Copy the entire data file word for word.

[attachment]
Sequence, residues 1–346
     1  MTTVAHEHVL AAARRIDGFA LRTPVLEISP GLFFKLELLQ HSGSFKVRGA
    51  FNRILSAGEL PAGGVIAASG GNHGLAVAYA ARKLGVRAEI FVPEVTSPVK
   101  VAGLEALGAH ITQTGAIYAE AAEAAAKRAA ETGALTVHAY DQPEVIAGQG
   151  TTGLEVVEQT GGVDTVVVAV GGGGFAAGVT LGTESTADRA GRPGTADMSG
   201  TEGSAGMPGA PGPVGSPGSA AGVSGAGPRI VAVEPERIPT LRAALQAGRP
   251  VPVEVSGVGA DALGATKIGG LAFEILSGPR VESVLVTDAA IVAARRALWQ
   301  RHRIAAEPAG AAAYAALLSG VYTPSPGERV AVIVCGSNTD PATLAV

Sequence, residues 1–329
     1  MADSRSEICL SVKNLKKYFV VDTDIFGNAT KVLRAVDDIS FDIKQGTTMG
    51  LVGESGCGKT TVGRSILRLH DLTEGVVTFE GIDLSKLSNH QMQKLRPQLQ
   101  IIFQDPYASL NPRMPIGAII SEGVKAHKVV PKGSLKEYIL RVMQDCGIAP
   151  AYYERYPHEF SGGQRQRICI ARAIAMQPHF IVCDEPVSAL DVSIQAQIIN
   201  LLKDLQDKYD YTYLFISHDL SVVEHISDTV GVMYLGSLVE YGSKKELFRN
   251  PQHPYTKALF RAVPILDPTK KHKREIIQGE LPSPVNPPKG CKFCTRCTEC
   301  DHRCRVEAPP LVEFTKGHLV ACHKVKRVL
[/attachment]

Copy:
Sequence, residues 1–346
     1  MTTVAHEHVL AAARRIDGFA LRTPVLEISP GLFFKLELLQ HSGSFKVRGA
    51  FNRILSAGEL PAGGVIAASG GNHGLAVAYA ARKLGVRAEI FVPEVTSPVK
   101  VAGLEALGAH ITQTGAIYAE AAEAAAKRAA ETGALTVHAY DQPEVIAGQG
   151  TTGLEVVEQT GGVDTVVVAV GGGGFAAGVT LGTESTADRA GRPGTADMSG
   201  TEGSAGMPGA PGPVGSPGSA AGVSGAGPRI VAVEPERIPT LRAALQAGRP
   251  VPVEVSGVGA DALGATKIGG LAFEILSGPR VESVLVTDAA IVAARRALWQ
   301  RHRIAAEPAG AAAYAALLSG VYTPSPGERV AVIVCGSNTD PATLAV

Sequence, residues 1–329
     1  MADSRSEICL SVKNLKKYFV VDTDIFGNAT KVLRAVDDIS FDIKQGTTMG
    51  LVGESGCGKT TVGRSILRLH DLTEGVVTFE GIDLSKLSNH QMQKLRPQLQ
   101  IIFQDPYASL NPRMPIGAII SEGVKAHKVV PKGSLKEYIL RVMQDCGIAP
   151  AYYERYPHEF SGGQRQRICI ARAIAMQPHF IVCDEPVSAL DVSIQAQIIN
   201  LLKDLQDKYD YTYLFISHDL SVVEHISDTV GVMYLGSLVE YGSKKELFRN
   251  PQHPYTKALF RAVPILDPTK KHKREIIQGE LPSPVNPPKG CKFCTRCTEC
   301  DHRCRVEAPP LVEFTKGHLV ACHKVKRVL